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The Arthur Ross Terrace will be closed this morning, Tuesday, October 21, for a private cultural observance. You many observe smoke and/or fire coming from the Terrace at that time. The FDNY has been notified in advance, and all safety precautions are in place. The Terrace will reopen at 1 pm.

A World of Sights

© Zack Bittner

American Anole (Anolis carolinensis)

Meet the Ancient Squamates

Squamates have been on Earth for about 200 million years. The ancient animals were small, and we don't have many fossils--but those we have hold clues about how the animals looked and behaved. Scientists think the earliest members of the group had well-developed visual systems for locating moving prey.

If you compare the skeletons of living squamates with those that are extinct, you can see that they're similar. This means that these animals are a great evolutionary success story. Their basic "blueprint" has survived 200 million years of environmental change.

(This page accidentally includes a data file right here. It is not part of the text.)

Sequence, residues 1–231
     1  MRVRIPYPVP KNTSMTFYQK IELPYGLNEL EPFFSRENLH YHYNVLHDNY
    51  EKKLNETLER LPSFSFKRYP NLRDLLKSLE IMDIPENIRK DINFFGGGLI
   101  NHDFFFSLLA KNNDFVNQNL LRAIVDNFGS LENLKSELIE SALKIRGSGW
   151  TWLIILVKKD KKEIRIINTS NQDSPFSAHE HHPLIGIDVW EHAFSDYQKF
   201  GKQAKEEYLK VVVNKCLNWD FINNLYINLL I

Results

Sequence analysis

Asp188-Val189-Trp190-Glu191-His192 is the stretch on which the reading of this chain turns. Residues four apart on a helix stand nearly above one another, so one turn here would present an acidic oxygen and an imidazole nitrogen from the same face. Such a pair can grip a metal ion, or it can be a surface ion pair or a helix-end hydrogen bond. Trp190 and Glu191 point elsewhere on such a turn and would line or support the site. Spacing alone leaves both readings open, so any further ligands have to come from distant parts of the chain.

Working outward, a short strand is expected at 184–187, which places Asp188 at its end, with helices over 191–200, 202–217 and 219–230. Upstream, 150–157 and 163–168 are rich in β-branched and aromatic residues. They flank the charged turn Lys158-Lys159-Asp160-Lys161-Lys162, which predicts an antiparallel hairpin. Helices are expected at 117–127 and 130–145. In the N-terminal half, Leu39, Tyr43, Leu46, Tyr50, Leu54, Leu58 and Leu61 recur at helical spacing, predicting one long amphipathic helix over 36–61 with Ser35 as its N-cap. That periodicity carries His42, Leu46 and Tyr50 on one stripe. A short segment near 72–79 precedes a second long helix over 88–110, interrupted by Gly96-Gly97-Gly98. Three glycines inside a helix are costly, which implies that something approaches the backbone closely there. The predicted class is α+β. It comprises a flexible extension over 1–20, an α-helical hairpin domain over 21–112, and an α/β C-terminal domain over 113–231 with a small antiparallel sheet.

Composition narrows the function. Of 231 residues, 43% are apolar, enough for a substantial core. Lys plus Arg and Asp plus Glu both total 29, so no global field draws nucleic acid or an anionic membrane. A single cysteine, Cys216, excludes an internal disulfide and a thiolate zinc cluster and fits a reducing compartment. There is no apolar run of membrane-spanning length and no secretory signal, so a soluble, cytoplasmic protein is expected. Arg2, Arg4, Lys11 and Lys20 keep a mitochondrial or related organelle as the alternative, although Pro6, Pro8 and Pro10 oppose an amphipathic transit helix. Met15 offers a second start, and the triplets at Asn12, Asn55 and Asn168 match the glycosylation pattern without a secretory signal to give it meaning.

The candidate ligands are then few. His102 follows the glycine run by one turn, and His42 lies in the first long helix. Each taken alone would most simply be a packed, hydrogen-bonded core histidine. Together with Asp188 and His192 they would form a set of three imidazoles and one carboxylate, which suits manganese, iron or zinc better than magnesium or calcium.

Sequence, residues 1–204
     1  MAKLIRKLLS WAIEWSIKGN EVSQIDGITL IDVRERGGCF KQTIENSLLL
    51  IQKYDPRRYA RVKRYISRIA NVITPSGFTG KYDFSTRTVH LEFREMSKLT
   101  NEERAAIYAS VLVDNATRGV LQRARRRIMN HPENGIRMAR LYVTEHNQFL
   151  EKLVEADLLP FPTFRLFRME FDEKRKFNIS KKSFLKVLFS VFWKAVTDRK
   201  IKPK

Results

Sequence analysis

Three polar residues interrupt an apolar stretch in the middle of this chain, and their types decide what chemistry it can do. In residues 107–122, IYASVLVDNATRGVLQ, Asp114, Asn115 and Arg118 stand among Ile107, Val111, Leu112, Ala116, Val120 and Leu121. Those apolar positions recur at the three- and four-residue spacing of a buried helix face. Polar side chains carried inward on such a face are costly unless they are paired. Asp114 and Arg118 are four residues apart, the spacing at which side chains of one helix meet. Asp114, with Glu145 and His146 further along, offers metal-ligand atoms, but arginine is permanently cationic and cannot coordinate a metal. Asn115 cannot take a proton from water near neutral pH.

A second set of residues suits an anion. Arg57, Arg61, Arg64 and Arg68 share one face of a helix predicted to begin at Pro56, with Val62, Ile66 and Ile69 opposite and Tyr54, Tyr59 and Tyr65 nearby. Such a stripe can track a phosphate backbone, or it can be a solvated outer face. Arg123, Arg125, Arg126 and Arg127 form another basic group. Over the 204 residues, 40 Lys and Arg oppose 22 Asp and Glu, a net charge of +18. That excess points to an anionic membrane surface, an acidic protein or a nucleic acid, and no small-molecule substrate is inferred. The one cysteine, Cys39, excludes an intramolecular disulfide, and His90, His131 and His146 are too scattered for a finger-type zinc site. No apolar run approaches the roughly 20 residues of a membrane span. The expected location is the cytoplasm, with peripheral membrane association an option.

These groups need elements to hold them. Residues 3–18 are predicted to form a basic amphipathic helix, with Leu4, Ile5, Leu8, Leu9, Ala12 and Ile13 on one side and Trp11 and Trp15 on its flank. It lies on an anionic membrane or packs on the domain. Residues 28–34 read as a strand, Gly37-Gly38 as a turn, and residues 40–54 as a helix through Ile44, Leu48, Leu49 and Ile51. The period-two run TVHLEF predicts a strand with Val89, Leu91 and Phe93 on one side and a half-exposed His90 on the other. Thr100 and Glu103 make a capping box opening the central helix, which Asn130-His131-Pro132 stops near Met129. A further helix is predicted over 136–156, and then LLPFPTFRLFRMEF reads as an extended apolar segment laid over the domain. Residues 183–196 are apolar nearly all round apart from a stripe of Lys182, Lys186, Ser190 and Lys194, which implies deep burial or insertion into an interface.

© Stephen Dalton / NHPA

Veiled Chameleon (Chamaeleo calyptratus) catching an insect

The Eyes Do the Walking

Their eyes take in what's ahead, behind, above and below--at the same time!--because they swivel independently. What's more, some scientists think chameleons can accurately judge distances with one eye, something other organisms can do only with two. With such amazing vision, a chameleon that shoots its sticky tongue at an insect, at speeds of up to 5 meters (16 feet) a second--almost never misses.

American Museum of Natural History

Central Park West at 79th Street
New York, NY 10024-5192
Phone: 212-769-5100

Open daily from 10 am - 5:45 pm
except on Thanksgiving and Christmas
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